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NAD M28 7 Channel Purifi Amplifier Teardown

amirm

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#1
I recently reviewed the NAD M28 multichannel amplifier based on Purifi modules. As promised, this is a tear down of the unit with kind permission of the owner.

The amp was a delight to open with beautiful screws holding the attractive top down. Once removed, we are greeted to a nice and modular layout:

NAD M28 teardown purifi amplifier power supply.jpg


The right side is a unified power supply for all 7 channels. I searched quickly but could not find a matching Hypex power supply. The only markings on it are:

NAD M28 teardown purifi amplifier power supply marking.jpg


As you will see later, NAD marks their boards with their name so I suspect this was custom designed by someone and not NAD.

There was a question about the fuse size. The fuse is rated at 15 amps and 250 volts. Total volt-amps available then is 1800 assuming 120 volt mains in US. Assuming there is power factor correction, this translates into equivalent wattage minus some loss. Further assuming 90% efficiency we have 1600 watts available to all 7 channel amps. This is likely the upper bound as your 15 amp circuit won't tolerate that for log so maybe it is in the range of 1,200 to 1,500 watts of power supply juice.

The capacitor brand choice is disappointing in the power supply as it is the low tier Lelon brand and only rated at 85 degrees C despite being very close to the heatsink:

NAD M28 teardown purifi amplifier power supply capacitor.jpg


Moving on to the amplifier module, I was very relieved that it could be removed with just 5 screws:

NAD M28 teardown purifi amplifier Module overhead shot.jpg


The green board is the Purifi 1ET400A module. The capacitors have been replaced from Rubycon in the original reference design to United-Chemi-Con which is fine.

The Purifi is surrounded by the blue buffer board designed by NAD. The two op-amps are:

National/TI LM49720 "Dual High Performance, High Fidelity Audio Operational Amplifier " : https://www.ti.com/lit/ds/symlink/lme49720.pdf?ts=1599982501986&ref_url=https%3A%2F%2Fwww.google.com%2F

Microchip MCP6002 is a dual general purpose op amp: https://www.microchip.com/wwwproducts/en/MCP6002

Lower rate capacitors are used here from Samwha (old Samsung capacitor factory that was sold years ago):

NAD M28 teardown purifi amplifier Module Samwha capacitors.jpg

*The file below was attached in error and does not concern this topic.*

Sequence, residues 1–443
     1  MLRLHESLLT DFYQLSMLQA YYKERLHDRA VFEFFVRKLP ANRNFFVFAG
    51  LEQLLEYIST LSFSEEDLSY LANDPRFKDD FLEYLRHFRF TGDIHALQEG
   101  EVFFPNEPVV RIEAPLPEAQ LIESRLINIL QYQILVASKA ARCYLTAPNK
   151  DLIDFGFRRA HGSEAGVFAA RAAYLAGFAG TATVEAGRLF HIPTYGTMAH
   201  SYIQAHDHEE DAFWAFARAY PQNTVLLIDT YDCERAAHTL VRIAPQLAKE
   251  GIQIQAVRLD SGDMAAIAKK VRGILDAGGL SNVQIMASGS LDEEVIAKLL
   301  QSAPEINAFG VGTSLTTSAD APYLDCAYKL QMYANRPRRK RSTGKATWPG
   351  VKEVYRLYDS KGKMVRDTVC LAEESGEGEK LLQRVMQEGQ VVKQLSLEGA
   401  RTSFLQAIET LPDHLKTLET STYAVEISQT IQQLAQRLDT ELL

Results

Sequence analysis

Back tot he board, note the two tables above the text "channel differences." There are configuration differences for channels 1,2,3,4,5 and 5,6,7! The board I pulled out is channel 6 and is marked that way with a red dot. The channels I tested in the review were 6 and 7. What possible reason would there be for the right three channels to have different configuration? When I put it back together I will do a spot check of other channels to see if the performance is different.

Conclusions
Mechanically the NAD M28 is beautifully put together. Should any of the amplifiers fail, you can swap parts to find out if it is the buffer board or the Purifi module. And possibly source Purifi modules in the open market to fix.

The power supply is a different matter as it seems to be a custom product. And sadly it uses less than ideal parts for long term longevity. Someone was pinching pennies for no reason here. What is another $50 in material cost in the power supply with better branded/temperature rated capacitors?

------------
As always, questions, comments, recommendations, etc. are welcome.

Getting serious cabin fever with smoke filled air from forest fires keeping me from going out. Once it clears -- which it is supposed to do by tomorrow -- I am going to go wild and go buy something expensive to make myself feel better. Problem is money as always and I need good bit of it. So please donate what you can using: https://www.audiosciencereview.com/forum/index.php?threads/how-to-support-audio-science-review.8150/
 
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Vasr

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#2
So much easier on the eyes than their own AVR and integrated amps wiring and organization. Clean-slate design for the new technology helps.
 

Vasr

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#3